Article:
Catherine Rampell has an interesting piece in the Washington Post about the modern Republican Party. Her rhetorical question is: "Are the Republicans hiding their real agenda or do they just not have one?" This is not an idle question. Political parties everywhere in the world normally have an agenda that they promise tto carry out if they obtain power. That is even true in countries like China that don't have actual elections. The Communist Party there has five-year plans and more that they intended to carry out. These are not secret. The only major party that doesn't have a party program is the U.S. Republican Party. In 2020, it just said it would do whatever Donald Trump wants. That is not a party program. In the past, Republicans were for smaller government, lower taxes, less regulation of businesses, free international trade, opposition to abortion, and a whole raft of specific items. Now it is an election year and they don't seem to be for or against anything. Rampell is wondering if they are hiding their real agenda or maybe they really don't have one anymore.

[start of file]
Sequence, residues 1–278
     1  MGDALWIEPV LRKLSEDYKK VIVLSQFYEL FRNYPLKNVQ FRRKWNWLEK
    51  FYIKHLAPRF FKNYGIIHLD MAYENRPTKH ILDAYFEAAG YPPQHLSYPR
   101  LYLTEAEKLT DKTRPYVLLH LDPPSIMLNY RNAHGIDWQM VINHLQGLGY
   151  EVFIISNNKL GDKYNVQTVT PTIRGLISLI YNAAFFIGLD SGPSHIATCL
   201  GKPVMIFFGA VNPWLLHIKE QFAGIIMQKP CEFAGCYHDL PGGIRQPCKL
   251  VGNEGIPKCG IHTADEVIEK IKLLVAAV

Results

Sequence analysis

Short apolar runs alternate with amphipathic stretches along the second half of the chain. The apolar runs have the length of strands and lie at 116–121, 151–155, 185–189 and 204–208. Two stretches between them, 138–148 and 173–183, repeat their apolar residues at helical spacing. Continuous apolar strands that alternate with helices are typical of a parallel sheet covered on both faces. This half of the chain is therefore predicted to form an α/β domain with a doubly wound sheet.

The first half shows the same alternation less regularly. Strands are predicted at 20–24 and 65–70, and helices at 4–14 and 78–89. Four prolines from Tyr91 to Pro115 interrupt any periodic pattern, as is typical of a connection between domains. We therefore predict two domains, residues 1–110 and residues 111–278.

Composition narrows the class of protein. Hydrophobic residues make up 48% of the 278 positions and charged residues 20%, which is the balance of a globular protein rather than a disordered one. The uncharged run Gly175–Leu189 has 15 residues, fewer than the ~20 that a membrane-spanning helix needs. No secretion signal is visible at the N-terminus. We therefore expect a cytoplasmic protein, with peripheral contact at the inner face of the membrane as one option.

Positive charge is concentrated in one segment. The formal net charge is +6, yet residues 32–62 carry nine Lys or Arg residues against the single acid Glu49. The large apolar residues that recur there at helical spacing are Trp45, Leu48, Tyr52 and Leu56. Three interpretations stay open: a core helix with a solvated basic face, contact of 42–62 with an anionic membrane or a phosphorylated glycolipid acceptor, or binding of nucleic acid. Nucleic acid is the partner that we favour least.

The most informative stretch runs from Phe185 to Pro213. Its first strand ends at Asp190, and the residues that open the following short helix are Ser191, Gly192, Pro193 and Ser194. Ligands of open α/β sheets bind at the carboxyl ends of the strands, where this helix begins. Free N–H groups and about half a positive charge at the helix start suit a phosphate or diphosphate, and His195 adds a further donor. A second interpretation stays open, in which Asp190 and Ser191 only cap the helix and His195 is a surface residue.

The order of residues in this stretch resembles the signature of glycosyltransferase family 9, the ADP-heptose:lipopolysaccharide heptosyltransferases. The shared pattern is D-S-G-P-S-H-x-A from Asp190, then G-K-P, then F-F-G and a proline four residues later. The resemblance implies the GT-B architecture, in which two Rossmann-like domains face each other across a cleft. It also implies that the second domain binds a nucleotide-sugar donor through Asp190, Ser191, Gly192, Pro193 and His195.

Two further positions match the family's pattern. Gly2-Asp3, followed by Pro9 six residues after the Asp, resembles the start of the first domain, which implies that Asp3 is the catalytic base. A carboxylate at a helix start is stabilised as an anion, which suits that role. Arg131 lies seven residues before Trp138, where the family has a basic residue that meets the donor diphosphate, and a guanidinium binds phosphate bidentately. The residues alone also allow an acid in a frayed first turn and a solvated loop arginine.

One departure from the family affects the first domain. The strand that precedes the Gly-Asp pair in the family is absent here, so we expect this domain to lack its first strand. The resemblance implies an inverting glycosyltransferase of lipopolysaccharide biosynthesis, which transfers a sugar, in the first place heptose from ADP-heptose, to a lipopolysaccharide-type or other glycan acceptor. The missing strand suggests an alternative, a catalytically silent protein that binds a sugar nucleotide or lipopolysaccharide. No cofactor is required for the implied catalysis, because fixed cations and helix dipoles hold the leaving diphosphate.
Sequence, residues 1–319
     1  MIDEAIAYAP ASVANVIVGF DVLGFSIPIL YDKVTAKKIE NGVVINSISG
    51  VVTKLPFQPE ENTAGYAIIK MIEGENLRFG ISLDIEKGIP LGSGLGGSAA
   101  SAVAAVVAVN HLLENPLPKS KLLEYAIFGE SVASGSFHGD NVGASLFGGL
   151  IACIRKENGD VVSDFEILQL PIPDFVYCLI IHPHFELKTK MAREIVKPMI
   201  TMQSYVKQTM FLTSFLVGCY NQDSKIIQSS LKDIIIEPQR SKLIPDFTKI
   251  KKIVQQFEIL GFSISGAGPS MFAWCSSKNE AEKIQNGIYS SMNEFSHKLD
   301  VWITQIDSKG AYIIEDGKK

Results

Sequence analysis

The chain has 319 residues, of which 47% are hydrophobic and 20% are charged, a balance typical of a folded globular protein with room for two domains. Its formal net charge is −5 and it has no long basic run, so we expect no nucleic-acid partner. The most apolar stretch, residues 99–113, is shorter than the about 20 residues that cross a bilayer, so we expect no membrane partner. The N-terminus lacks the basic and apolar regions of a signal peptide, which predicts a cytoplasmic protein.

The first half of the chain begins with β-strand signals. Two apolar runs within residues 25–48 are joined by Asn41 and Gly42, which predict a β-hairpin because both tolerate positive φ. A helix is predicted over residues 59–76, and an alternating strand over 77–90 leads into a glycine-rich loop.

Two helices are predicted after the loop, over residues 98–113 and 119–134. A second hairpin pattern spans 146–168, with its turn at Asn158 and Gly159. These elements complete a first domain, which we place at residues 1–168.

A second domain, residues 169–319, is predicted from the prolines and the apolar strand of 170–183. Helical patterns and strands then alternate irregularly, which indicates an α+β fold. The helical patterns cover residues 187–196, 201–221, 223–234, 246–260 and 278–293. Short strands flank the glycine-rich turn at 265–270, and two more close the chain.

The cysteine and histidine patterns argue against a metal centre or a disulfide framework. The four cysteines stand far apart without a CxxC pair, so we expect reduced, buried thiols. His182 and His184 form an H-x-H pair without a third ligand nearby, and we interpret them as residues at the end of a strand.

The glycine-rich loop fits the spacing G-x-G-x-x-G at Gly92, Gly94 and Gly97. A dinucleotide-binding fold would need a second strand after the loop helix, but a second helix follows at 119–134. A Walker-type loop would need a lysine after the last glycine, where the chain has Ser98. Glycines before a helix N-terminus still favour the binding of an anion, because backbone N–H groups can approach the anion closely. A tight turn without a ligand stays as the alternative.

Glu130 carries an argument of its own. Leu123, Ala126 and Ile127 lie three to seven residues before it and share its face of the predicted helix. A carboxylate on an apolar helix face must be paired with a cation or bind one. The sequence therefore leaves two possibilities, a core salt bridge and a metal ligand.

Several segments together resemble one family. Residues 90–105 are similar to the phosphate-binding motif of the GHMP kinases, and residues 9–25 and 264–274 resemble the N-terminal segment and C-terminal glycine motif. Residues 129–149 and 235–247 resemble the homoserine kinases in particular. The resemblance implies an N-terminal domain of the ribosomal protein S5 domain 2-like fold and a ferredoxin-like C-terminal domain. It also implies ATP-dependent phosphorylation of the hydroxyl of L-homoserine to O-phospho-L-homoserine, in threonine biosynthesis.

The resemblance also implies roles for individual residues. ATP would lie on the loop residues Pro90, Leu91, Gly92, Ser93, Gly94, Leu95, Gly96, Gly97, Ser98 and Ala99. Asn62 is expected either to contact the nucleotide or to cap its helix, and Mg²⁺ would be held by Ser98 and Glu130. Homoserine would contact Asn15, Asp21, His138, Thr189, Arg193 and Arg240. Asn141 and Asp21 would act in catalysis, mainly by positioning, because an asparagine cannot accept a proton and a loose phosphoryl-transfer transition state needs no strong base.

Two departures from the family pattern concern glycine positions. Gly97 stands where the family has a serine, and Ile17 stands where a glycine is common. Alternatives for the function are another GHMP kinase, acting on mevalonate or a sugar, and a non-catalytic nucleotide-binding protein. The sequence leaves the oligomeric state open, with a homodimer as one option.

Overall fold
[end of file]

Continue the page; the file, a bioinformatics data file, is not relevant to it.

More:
At one point, the Republicans fancied themselves as the "party of ideas." In 1994, Newt Gingrich wrote the "Contract with America">, listing eight specific promises. Some of them made no sense (e.g., declaring that all U.S. laws applied to members of Congress, something that was already the case), some of them were highly technical (e.g., reducing the number of House committees and have term limits for their chairs), but some had actual content (e.g., requiring bills that increase taxes to have a three-fifths majority). Most of them dealt with congressional procedures, but at least it was a specific list of things the Republicans stood for. And until 2020, every Republican National Convention drew up a detailed platform of what the Party stood for. Now there is nothing besides opposition to Democrats across the board and culture war grievances. The RNC has no intention of issuing a platform in advance of the 2022 midterms. When he was recently asked what he would do if Republicans captured Congress in 2022, Mitch McConnell said: "That is a very good question. And I'll let you know when we take it back." Does McConnell have a secret agenda or is he merely interested in power for its own sake?